The Snowman, dance review: 'performed with bounce'

Peacock Theatre, London

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The Independent Culture

A delighted “ooh” runs round the theatre as scampering, dancing reindeer come on stage, drawing Father Christmas’s sleigh.

The Snowman, now in its sixteenth Christmas season at the Peacock Theatre, is full of the pleasures of recognition. Birmingham Repertory Theatre’s production has the familiar appeal of Raymond Briggs’ book and film, and adds its own big, confident storytelling.

Directed by Bill Alexander, with choreography by Robert North, it tells its story in movement, without dialogue. The visual jokes and tricks are satisfying. The little boy’s snowball “grows” as he rolls it from one wing of the stage to the other. Flying scenes are nicely timed, with the boy and his snowman soaring to Howard Blake’s music – including the famous “Walking in the Air”.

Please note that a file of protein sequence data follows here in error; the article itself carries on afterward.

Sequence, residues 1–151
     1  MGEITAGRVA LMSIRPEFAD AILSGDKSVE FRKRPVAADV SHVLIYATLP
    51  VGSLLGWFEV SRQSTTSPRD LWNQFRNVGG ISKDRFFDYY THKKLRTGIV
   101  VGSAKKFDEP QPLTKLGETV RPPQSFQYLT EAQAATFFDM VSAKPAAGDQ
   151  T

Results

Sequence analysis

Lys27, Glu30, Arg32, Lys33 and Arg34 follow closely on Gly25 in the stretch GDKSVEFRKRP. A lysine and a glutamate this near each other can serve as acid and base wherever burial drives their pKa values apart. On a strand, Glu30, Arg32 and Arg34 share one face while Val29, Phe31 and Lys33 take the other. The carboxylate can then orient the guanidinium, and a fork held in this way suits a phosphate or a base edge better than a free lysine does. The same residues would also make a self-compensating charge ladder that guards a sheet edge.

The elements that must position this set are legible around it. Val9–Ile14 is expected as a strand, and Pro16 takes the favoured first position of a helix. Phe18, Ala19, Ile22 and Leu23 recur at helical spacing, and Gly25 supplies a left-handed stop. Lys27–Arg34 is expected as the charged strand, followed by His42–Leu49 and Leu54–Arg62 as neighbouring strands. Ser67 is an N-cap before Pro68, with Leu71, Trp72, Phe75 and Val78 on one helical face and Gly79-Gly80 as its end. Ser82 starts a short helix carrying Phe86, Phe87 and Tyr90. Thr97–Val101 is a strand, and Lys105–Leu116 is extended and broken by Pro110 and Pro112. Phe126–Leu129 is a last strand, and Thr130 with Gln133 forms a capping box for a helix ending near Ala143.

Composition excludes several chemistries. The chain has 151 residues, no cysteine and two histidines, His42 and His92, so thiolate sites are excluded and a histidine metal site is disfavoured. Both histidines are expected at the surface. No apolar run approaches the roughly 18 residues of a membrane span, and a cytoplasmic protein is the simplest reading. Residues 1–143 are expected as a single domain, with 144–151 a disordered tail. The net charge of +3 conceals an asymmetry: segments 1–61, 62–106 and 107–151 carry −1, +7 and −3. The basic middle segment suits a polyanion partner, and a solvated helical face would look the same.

Alexander and North invent cheerful dance scenes along the way. In the kitchen, a pineapple, banana and coconut have a limbo competition. At the North Pole, snowmen from around the world frolic with animals and a ballerina Ice Princess.

The show is pitched at younger children, with plenty of animals and jokes. It’s performed with bounce. Charlie Salsen is downright as the child hero, while the adult cast switch from parents to snowmen to cleverly-observed animals with aplomb.

Until 5 January. Box office 0844 412 4322